Bedroom B in sleeper Meadow View reflected what one might expect from a passenger train in a third world country as the plastic material used in its cup holders, cabinets, and countertop was scratched and dinged from years of abuse.  The attendant call buttons were disabled (not necessarily a bad thing since impatient passengers sometimes buzz incessantly late at night) and the reading light in the upper berth did not function.  Worse yet, the latch to the small coat closet had been jimmied making it impossible to fully close the closet door.  At bedtime we would discover the closet light would thus shine constantly until a copious amount of duct tape from our always available roll sealed the door shut.  A few weeks later an article in Passenger Train Journal referred to Amtrak as "the duct tape railroad" and, as I read the article I figured somewhere on the Amtrak system Bedroom B probably was still running around with the duct taped closet door.  Duct tape could not help Meadow View's other two problems, a nasty rattle from the connecting door to Bedroom A, a universal issue for all Viewliner deluxe bedrooms, and the lack of hot water in the showers and sinks.  The first problem was resolved by placing luggage flush against the connecting door while the second was dealt with by taking a fast shower.

A newly installed seat in our Viewliner deluxe bedroom 

    The fast run down the Northeast Corridor was highlighted by the crossings of the Susquehanna, Bush, and Gunpowder rivers and we pulled into Washington at 6:50pm.  The obligatory change from electric to diesel engines was accomplished, new passengers boarded, and we resumed our southward trek across the Potomac River to Alexandria.  The passage through Ashland, VA held my attention as it always reminds me of the fall semester I spent at Randolph-Macon College in 1972.  Amtrak was new at the time and watching its trains and the privately owned Auto-Train race by was a daily ritual after classes.  Departing Richmond the wide James River was crossed at its fall line then we turned in for the night.  We awoke just in time to note departure from Savannah at 6:52am.  Shortly it was time for the ninth and final railroad breakfast of our trip as the Silver Meteor dashed through the Georgia lowlands.  Our 9:06am arrival in Jacksonville was 17 minutes early, keeping our streak alive - all seven trains we rode across North America and back had arrived at our destination within ten minutes of schedule.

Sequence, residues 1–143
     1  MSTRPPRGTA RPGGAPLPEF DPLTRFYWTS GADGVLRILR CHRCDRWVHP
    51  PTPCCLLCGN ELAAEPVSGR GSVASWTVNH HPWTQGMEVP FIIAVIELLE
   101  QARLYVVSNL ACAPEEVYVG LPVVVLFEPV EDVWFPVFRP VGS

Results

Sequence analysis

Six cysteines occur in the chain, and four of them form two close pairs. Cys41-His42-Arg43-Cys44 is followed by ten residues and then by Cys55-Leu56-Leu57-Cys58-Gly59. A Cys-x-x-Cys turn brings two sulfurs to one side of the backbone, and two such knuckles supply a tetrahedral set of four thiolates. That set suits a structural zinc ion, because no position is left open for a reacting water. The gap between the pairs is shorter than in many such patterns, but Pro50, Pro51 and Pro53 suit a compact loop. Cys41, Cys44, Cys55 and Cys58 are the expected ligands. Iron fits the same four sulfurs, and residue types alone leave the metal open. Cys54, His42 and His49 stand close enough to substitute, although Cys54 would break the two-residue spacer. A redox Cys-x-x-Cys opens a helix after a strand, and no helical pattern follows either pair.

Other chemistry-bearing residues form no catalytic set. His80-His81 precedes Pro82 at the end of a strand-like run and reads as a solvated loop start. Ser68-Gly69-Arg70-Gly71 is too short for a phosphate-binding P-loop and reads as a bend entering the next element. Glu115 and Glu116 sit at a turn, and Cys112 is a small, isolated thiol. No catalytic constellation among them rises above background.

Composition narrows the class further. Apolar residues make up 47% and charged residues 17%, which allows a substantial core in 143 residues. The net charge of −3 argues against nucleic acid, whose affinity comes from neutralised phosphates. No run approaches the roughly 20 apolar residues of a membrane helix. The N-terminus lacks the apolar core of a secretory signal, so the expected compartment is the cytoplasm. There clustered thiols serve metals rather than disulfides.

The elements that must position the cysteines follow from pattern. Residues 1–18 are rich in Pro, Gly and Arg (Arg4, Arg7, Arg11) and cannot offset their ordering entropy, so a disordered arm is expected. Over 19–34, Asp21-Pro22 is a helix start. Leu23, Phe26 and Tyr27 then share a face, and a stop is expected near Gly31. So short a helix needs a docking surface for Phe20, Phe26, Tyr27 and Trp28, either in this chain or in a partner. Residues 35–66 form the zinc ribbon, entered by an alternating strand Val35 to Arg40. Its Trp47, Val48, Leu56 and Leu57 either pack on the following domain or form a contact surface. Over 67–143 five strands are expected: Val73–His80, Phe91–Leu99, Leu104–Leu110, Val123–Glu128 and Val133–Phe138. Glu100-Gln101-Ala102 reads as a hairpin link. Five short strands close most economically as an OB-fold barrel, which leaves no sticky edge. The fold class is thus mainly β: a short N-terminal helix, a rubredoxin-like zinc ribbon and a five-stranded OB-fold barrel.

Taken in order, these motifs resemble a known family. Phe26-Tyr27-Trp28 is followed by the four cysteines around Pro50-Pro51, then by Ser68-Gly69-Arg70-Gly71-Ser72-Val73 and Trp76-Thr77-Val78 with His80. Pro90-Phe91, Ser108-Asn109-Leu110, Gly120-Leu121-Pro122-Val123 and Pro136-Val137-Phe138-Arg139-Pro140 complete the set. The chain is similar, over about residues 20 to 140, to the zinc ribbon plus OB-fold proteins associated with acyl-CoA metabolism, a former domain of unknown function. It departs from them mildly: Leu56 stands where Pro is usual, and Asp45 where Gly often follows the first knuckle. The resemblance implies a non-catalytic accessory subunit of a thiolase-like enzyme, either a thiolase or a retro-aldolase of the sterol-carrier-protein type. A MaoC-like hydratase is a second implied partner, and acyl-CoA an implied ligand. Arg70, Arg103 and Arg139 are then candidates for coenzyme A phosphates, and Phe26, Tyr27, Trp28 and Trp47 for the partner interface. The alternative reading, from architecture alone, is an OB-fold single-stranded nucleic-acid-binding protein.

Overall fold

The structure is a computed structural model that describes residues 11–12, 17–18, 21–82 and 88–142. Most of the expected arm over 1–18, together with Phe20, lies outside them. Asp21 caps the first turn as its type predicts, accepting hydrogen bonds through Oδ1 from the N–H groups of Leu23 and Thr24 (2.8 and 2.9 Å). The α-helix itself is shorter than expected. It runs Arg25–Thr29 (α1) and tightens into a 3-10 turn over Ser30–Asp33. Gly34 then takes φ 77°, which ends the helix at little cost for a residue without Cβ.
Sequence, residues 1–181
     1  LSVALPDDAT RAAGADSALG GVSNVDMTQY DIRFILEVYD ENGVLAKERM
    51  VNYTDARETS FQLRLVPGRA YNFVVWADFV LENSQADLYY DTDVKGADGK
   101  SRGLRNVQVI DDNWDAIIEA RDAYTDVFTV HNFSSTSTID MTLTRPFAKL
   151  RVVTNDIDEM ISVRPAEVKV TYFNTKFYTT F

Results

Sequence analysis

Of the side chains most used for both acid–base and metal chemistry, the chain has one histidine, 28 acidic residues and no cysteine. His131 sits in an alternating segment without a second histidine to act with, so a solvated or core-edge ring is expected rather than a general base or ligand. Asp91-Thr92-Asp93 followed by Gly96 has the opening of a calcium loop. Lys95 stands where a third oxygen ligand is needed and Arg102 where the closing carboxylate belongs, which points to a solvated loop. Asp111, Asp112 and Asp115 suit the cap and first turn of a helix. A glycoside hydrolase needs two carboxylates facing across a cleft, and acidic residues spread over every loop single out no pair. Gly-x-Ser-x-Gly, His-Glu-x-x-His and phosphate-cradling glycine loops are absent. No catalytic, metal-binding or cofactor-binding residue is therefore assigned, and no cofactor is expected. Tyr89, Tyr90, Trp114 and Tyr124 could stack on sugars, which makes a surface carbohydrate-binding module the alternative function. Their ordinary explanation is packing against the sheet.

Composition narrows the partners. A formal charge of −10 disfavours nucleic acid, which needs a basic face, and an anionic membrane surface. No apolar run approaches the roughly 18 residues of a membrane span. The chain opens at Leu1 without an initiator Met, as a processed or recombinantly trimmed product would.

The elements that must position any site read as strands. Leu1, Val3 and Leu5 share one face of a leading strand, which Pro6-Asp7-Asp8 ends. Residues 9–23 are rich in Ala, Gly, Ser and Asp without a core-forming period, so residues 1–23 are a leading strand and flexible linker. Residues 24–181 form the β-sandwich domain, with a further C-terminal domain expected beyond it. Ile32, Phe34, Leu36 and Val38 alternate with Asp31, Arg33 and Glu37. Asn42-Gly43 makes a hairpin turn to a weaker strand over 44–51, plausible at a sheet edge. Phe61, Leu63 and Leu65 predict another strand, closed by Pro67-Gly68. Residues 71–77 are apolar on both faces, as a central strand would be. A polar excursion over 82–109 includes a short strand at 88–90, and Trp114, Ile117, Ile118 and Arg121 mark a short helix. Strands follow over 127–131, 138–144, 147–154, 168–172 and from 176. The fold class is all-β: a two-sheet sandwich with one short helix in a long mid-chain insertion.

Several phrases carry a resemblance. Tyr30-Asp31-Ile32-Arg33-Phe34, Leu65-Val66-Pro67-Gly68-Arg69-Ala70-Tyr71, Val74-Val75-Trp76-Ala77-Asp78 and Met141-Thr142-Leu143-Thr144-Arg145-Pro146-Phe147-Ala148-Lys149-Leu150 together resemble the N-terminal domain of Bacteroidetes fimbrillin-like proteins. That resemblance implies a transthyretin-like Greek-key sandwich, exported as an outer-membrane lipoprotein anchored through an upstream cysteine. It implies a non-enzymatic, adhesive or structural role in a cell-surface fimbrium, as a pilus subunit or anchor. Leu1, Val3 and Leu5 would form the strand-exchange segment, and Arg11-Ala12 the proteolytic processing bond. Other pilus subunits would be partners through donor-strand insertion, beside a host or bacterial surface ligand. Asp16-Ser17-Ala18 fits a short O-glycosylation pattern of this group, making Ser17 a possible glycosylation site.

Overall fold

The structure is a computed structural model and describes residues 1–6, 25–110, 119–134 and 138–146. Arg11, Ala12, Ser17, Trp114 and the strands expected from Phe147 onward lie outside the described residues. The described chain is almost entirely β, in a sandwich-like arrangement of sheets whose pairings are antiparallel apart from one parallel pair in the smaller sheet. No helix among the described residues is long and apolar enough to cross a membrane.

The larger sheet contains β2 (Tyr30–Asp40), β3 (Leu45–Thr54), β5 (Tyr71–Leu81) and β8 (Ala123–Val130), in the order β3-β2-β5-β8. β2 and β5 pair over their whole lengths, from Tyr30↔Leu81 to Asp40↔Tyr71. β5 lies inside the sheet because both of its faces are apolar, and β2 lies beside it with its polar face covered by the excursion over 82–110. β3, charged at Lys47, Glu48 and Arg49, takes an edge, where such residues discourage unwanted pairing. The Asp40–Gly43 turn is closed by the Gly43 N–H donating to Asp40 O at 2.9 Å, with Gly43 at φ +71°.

Sleeper Harvest View brings up the rear of the southbound Silver Meteor at Washington, D.C.

    Reflecting on our train travels, we were pleasantly surprised by the timeliness of each train.  As usual the scenery was excellent, most of the train crews were effective, and some were exceptional.  The Empire Builder certainly took first prize among the Amtrak trains we rode while the Canadian was the best overall thanks to its classic equipment which included dome cars, a variety of sleeping accommodations, and an art deco style to its dining cars.  The poor dining service on the Crescent and the worn out appearance and mechanical condition of two of Amtrak's Viewliner sleepers were disappointments.  Overall, the train again was the way to see the sights across the continent and the experience was mostly positive.  The beauty of Oregon made our highway excursion a winner and, of course, our Holland America Alaska cruise exceeded even our loftiest expectations.